Unequal division of housework puts marriage on stormy path
DEAR ABBY: I have been married for seven years and have two beautiful children. My husband and I both work full-time, yet I do almost all of the household chores. I have asked him repeatedly to help ease my workload and stress by dividing the chores more equitably, but my requests are met minimally and temporarily. This has caused arguments, tension and resentment.
He says, "You and I value different things," or, "This isn't what I want to focus on at home," or, "Your standards are too high and have negatively impacted your relationship with our kids." I do ask our kids to clean up routinely because I want them to be active members of this household, and this is how I was raised.
It's putting a strain on my marriage and affecting my feelings toward my husband. Do I need to let this go? Or are my priorities misplaced? -- OUT OF BALANCE IN RHODE ISLAND
DEAR OUT OF BALANCE: From your husband's perspective, why should he have to help with the housework if he can jawbone you into doing the lion's share? Perhaps you should offer him a choice -- participate more or someone will have to be hired to take some of the burden off your shoulders.
As to your children, please stick to your guns. It is important they master basic housekeeping skills so that when they become adults, they will be able to take care of themselves. Few children relish the idea of doing housework, but many of them do it anyway as a way to earn an allowance.
DEAR ABBY: I was happily married to the same woman for 51 years. "Jane" was married 42 years to the same man. We were both widowed. We hooked up and were enjoying our time together, but after about three years it all changed.
Do you believe in split personalities, the Jekyll and Hyde thing? Jane started falsely accusing me of having affairs with other women. The last two women she accused me of being involved with I don't even know. The accusations have been coming more frequently. One day she's fine; the next day she is accusing me.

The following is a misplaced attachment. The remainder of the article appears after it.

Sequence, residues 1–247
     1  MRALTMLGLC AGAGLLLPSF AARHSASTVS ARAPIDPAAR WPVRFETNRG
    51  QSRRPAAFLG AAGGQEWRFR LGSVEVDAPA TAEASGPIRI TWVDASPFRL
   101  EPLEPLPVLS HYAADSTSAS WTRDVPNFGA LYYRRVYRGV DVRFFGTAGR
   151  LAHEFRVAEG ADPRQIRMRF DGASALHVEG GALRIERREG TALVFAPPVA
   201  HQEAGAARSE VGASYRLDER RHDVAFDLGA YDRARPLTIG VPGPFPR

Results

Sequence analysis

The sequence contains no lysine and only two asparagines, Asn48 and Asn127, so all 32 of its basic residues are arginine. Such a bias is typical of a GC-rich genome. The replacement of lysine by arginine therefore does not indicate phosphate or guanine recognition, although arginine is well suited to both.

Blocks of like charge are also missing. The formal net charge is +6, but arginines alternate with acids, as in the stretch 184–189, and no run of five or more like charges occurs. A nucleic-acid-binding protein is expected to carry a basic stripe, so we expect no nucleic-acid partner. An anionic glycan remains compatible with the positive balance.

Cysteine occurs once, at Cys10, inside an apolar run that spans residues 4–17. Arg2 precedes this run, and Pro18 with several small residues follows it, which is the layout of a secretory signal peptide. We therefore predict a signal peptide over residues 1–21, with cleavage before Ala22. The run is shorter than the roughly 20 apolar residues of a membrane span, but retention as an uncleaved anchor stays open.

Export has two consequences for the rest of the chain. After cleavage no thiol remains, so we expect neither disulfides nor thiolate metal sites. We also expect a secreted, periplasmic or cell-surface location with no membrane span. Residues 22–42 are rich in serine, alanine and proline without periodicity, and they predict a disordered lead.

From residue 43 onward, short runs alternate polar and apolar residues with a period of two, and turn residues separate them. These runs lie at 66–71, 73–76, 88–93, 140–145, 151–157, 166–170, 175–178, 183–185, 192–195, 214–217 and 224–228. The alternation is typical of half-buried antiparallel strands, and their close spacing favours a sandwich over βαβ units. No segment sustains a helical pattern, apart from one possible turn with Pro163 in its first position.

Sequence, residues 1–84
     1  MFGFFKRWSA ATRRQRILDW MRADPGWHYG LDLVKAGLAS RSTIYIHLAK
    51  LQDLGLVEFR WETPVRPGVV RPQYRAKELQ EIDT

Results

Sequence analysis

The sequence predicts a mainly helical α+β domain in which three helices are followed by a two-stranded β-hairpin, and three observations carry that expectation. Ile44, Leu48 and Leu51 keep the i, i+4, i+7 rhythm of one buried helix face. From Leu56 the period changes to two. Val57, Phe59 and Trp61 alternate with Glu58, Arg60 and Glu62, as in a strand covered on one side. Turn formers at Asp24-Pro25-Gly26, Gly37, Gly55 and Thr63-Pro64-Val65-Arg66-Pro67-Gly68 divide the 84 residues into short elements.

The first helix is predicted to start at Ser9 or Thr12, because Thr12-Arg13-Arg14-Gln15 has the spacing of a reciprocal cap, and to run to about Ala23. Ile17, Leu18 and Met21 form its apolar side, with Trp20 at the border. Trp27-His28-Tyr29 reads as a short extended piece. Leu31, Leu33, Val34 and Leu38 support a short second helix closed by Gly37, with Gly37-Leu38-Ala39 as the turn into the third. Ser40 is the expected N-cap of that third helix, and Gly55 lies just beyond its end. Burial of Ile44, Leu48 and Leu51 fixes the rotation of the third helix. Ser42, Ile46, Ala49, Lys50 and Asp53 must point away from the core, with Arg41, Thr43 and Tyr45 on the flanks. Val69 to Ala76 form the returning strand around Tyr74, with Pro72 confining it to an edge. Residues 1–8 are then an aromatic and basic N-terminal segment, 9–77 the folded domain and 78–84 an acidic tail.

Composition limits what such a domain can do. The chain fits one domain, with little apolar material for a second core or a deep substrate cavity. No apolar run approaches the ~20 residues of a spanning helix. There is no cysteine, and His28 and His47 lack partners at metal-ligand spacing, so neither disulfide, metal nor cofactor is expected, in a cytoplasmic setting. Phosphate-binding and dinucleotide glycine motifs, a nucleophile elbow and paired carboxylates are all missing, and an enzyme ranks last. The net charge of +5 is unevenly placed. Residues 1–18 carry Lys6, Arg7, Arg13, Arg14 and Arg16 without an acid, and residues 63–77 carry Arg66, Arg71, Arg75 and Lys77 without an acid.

Jane doesn't like vulgar language, and normally she doesn't use it. But when she's accusing me of communicating with these women, she uses words that would make a sailor blush! A researcher's first guess was the early stages of Alzheimer's. I know she is paranoid, but why? -- HATES THE CHANGE IN NORTH CAROLINA
DEAR HATES: A personality change such as you have described can be a symptom of Alzheimer's disease, but it can also be caused by small strokes and other dementias. Jane's paranoia could also be a symptom of a physical illness. If she has family, it is very important that you inform them about what's happening so they -- and you -- can encourage her to be evaluated physically and neurologically. If you do, it might save not only her life but also your sanity.
DEAR ABBY: When I was 21, my grandparents told me, "It's better to be loved than to be right." Fifty years later, I'm still trying to follow that advice because it's so true. Sometimes it is very hard to practice, but I will never forget those words. -- KEN IN SHERMAN OAKS, CALIF.
DEAR KEN: Anything that encourages folks to get along better is good advice in my book. People sometimes place too much importance on trying to be right. Now, allow me to share an adage with you that I learned from my grandfather: "I never learned anything while I was talking."